11 Apr A Taste of Granular Data and Human Potential in People Analytics
By now, you have undoubtedly been handed a meal check with the gratuity already included at least once during an outing. While it has been standard practice for large parties for automatic gratuities are becoming more standard for any number of customers. This includes singles as restaurants and similar businesses have struggled with front of the house staffing and dealing with supply-chain issues and inflation. You may have also noticed that the recommended percentages have started inching up from the formerly standard fifteen percent to an automatic eighteen percent or more. On top of that, many receipts ask you for an additional tip on top of the one included with your calculated total. So, what does your creeping restaurant bill have to do with people analytics?
Replacing Old Compensation Models and Mindsets
While this might be yet another example of rising prices and the eternal struggle of margins being passed down to customers, perhaps there is something else going on. As our labor market shifts, and as businesses become steadily more transparent with their data and creative with their fees, we are seeing progressively granular details about how much things cost. At the same time, powerful digital platforms and increasingly sophisticated people data models are quickly transforming the traditional job title and survey-based compensation models that have been the foundation of pay for decades for so many organizations.
For example, Flextrack has the capability for “unit-based pay,” which can include a number of units such as words written, or packages shipped along with the standard hours or milestones. Through powerful, on-platform analytics, these units can be connected at a granular level to customer satisfaction or NPS scores, as well as many other factors that determine the value of customer relationships. Soon, people analytics practitioners will be very close to directly tying the most minute economic (and other) business returns to individuals and groups and adjusting our compensation strategies based on this type of connection.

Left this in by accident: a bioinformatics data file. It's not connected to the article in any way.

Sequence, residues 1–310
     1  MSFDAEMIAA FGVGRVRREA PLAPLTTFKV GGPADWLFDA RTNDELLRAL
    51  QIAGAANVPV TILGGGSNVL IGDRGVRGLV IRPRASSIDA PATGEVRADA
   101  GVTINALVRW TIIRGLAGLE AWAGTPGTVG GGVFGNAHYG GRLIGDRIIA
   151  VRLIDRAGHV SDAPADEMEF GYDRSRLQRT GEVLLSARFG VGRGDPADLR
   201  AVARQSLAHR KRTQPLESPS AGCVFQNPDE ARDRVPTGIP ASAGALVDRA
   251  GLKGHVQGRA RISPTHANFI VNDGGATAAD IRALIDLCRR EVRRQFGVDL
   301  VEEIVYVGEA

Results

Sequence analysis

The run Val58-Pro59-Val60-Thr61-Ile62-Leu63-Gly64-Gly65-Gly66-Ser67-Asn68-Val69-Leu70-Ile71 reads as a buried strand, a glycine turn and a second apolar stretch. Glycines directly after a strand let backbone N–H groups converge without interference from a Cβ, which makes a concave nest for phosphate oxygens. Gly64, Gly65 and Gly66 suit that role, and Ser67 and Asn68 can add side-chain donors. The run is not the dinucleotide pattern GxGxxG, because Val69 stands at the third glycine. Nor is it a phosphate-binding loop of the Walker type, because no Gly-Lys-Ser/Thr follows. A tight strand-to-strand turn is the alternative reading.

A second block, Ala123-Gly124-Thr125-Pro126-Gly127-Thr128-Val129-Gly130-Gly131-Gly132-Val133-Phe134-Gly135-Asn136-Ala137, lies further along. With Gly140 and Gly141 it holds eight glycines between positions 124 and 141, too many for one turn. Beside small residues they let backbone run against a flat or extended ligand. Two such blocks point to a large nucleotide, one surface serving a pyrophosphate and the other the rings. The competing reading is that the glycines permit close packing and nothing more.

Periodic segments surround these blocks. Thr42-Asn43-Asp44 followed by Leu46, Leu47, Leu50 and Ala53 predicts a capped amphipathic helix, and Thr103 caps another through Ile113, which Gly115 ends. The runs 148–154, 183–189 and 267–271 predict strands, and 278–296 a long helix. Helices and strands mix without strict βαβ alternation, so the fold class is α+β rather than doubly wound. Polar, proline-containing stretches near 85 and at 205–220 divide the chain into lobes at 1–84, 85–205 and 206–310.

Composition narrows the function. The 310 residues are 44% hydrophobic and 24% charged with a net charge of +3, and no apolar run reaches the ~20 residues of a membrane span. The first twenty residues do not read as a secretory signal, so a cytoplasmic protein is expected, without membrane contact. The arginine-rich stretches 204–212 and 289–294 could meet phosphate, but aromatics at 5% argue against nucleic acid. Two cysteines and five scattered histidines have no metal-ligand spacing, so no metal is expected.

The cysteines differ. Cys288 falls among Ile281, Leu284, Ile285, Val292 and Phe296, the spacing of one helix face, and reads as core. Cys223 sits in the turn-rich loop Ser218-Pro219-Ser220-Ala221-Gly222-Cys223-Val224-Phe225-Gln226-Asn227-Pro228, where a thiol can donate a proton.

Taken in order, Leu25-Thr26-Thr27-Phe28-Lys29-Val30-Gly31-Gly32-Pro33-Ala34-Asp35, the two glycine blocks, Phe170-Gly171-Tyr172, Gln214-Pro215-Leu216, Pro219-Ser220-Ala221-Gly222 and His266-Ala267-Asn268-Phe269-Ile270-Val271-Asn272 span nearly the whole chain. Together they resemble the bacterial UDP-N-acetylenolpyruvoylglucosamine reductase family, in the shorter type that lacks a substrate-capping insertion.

Before we automatically move towards maximum efficiency and “optimizing” the costs of our workforce, however, it’s worth a pause to consider the longer-term impacts of applying older mindsets in this new reality. An example from the hospitality industry can illustrate this point.
Edgar’s Craft and the Ultimate Dining Experience
As I travel to conferences, I make a point to speak with the frontline workers in each city who make the events and my travel possible. One of these people is Edgar, a sous-chef at a locally owned and operated restaurant in San Diego. I spoke with Edgar after his shift. He said the crew was busy, but the restaurant didn’t make much money that night. Edgar shared his thoughts on education, college, student loan debt, the value of a degree, and the changes affecting him and his family as we go through the current economic transformation.
He also talked about his love for his craft. His goal is to tap into the hormones and neurotransmitters produced by skillfully-prepared food to produce enough euphoria for a memorable – but not addictive – dining experience. He’s constantly testing new ideas and made a point to praise the agency the restaurant owners give him to create, even if the industry doesn’t pay well. Edgar said he wants to grow his income, but he’s not willing to give up the freedom he has now to chase an incremental increase with a different job.
Paying for Human Potential
This got me thinking about the value of potential. Sure, Edgar makes a market-based wage for his role and expertise and has opportunities for bonuses if the business does well in terms of margin. But what is the value of Edgar’s ability to apply joy along with skill and commitment to creating increasingly memorable dining experiences? Is it just the number of units he produces while managing waste and meeting minimum standards? Or is it something more?
Broadly speaking, this raises the issue of human potential in employment and compensation decisions. To combat turnover and burnout among their workforces, many organizations have been granting their workers the agency to create and decide. What is more enigmatic is the question of whether workers are being paid for decisions that positively impact the business and create customer loyalty. Rather than defaulting to older models of efficiency and maximizing near-term return on human capital, hiring, and compensation, managers should use the increasingly granular data available to them to experiment on which factors, like agency, bring out the full potential of their workforce while keeping them energized and engaged.
While there are benchmarks and “real-time” market data available for pricing labor, each organization will need to move beyond the annual salary surveys or rate cards to determine the balance of factors that sustainably increase productivity and customer satisfaction. The best ones will use this data to value the potential of their human workforce as well as optimize returns.
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